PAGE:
He never owned much more than the 1/2 acre corner lot his tiny brick house sat upon, but compared to his start in life, he died a very wealthy man.
At the age of 12, his mother died and at 16, he lied about his age and joined the Civilian Conservation Corps — 15 months later, a rifle took the place of the shovel in his strong arms and he and his friends back-packed through Europe, saving the world.
After the war, he shook hands with the guys he had become brothers with while serving in one of the most perilous human adventures in history, never to see them again.
That same year, he returned to the only town he had ever known as home and wasted no time building an entirely new world.
Despite being penniless, he convinced the town’s sweetheart to become his bride and a blurry black and white photo is all that remains of that most sacred day, despite the fact that the pair spent the next half-century raising a new generation of Americans: Americans who would never know what it meant to truly be hungry, Americans who would never know the uncertainty of humanity hanging in the balance, Americans who would never know just how good they had it compared to their parents — it simply wasn’t in his composition to speak about how good others had it compared to him, he would just sit quietly, in the corner of a lively living room, and watch as his grandchildren opened more presents in a single hour than he would see in his entire lifetime.
This fearless generation of men and women would go on to do truly unimaginable things: they would walk on the surface of the moon (something no other generation before or after had done), eradicate a countless number of diseases that had plagued humanity for thousands of years, build skyscrapers that would pierce the clouds, breakdown the ancient barriers that had treated an entire race of people as second-class citizens, and transform a backwards nation into the world’s sole superpower.
They were fearless, both as a collective force and as individuals. After work each evening, they would do things like build a house, overhaul the motor in the family’s car, and remain faithful to a single woman.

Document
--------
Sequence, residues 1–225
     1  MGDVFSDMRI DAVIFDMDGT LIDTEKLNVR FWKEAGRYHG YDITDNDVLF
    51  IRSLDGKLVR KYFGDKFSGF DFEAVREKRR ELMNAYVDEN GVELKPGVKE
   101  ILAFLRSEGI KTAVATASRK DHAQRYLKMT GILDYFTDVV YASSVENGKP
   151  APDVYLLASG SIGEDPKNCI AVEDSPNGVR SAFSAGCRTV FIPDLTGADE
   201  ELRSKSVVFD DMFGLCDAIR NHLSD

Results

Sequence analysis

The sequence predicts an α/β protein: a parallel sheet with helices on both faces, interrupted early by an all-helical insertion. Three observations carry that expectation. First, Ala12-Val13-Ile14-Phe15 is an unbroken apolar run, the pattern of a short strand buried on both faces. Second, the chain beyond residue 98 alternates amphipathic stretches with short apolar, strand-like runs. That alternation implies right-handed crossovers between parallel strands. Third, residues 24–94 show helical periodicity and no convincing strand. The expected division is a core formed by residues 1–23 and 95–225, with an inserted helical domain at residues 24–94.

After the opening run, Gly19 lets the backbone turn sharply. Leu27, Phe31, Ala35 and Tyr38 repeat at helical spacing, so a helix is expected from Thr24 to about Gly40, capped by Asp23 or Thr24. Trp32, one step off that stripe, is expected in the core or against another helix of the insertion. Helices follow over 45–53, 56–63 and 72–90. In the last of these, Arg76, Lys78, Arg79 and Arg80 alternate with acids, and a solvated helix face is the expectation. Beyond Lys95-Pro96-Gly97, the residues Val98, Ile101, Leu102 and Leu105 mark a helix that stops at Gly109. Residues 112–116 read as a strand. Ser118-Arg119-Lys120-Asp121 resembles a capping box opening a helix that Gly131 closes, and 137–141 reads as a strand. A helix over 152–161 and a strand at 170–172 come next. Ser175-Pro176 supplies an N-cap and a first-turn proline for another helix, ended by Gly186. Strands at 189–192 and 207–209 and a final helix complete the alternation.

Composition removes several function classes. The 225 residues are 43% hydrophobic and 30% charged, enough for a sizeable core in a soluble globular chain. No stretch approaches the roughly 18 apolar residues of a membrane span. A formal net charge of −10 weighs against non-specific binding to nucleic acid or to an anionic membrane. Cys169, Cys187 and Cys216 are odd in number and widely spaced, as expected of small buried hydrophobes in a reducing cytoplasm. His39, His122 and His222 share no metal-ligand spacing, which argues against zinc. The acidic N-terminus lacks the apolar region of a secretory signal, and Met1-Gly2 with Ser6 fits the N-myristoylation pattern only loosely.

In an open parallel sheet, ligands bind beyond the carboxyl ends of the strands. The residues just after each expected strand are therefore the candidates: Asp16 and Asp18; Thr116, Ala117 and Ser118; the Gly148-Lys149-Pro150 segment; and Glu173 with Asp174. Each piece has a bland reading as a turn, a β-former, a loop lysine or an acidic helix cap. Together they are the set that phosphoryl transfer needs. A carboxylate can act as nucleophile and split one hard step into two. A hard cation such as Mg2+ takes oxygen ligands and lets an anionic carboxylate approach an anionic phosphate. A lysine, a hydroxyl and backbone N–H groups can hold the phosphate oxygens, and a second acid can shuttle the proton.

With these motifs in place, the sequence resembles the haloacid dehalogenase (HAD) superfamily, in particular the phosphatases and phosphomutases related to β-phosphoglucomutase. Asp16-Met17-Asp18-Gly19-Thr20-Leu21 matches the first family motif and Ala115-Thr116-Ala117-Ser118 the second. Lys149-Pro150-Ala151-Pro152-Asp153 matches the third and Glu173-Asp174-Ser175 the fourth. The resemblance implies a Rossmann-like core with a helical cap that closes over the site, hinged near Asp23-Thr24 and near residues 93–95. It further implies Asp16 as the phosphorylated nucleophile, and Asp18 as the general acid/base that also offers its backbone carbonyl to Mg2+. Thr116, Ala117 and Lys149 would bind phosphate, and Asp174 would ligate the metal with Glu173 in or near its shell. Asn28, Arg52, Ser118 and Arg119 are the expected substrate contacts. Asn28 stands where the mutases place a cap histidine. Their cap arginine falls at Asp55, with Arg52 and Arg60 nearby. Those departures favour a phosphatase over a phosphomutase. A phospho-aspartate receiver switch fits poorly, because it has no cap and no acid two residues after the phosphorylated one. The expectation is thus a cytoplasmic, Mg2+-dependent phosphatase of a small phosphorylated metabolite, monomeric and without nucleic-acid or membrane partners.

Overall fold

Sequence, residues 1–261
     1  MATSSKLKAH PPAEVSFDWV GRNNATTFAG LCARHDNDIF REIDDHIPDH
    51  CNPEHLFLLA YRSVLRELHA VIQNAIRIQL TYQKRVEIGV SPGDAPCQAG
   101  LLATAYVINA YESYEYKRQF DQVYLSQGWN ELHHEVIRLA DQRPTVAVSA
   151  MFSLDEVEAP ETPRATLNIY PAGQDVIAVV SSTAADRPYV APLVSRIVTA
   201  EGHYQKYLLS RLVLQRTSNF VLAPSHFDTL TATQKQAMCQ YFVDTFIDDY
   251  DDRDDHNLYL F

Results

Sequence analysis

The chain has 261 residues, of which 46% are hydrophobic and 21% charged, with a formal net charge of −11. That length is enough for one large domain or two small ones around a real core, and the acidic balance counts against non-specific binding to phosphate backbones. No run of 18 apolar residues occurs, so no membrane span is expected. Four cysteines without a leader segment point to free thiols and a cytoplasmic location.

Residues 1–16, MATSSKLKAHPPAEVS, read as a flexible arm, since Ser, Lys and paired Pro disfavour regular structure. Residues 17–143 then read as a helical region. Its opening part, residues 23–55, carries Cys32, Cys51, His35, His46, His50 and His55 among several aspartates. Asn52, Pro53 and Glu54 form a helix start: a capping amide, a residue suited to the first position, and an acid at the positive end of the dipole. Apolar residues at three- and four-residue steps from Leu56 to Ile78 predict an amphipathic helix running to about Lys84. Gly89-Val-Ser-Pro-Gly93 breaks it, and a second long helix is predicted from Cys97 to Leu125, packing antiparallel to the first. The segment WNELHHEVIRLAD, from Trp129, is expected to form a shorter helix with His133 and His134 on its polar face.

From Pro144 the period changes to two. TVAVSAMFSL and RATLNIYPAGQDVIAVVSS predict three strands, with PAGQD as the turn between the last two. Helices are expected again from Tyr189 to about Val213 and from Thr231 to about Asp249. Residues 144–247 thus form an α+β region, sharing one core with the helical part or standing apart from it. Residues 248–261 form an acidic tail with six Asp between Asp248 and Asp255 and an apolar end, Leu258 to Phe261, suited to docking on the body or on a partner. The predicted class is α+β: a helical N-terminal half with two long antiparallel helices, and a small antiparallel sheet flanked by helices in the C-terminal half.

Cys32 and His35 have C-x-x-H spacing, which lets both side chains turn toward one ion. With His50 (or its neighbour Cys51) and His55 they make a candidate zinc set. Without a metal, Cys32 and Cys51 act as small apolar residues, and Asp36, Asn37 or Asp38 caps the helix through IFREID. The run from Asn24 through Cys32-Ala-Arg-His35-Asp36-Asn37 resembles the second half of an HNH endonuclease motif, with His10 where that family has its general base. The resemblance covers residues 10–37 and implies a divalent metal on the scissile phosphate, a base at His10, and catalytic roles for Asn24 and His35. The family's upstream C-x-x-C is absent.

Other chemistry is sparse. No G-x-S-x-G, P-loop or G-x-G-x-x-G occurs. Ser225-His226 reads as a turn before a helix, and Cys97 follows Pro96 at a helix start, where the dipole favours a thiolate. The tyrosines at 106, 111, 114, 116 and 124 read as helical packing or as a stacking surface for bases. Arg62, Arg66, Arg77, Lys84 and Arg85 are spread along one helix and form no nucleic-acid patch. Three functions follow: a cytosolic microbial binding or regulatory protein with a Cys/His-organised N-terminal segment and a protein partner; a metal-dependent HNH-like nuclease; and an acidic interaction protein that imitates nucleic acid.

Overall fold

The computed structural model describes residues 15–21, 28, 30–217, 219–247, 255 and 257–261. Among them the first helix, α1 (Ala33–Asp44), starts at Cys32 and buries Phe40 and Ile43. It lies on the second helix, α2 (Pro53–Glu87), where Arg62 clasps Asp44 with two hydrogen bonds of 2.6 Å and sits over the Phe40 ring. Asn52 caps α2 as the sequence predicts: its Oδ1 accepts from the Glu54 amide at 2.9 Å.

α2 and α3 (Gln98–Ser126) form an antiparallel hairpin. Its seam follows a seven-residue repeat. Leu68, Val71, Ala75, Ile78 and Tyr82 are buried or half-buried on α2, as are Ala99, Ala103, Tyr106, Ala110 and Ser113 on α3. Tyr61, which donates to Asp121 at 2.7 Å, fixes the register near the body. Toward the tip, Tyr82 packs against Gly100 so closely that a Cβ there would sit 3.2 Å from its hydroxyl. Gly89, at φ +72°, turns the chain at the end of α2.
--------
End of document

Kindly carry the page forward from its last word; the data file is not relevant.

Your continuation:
Their hands were strong as iron and their will and wit were seldom challenged, yet when the grandchildren arrived, they showcased an entirely different side; they were meek, loving and became shining examples of what humanity should be.
When it came time for sociologists to give this generation a name, their children stepped up and offered the most honorable title possible, “The Greatest Generation”.
Sadly, the men and women of this “greatest generation” are all but gone, today.
With their passing, we lose a lot more than a group of men who traveled by horseback to visit their sweetheart — their passing is a great travesty; with each death, we lose more wisdom than the largest of libraries could ever contain.
In their wake is a generation that, through no fault of anyone, has never known the level of peril that forged this greatest generation, and thus never been given an opportunity to obtain such a great treasure of wisdom and human experience. Indeed, every generation that has followed has came up wantonly short.
As we bid this greatest generation farewell, it is critical that we take the time to recognize the tremendous tragedy of their passing and before we lose another one – or all of them – savor every moment spent in the presence of greatness.
Here’s to you, grandpa. Thanks.
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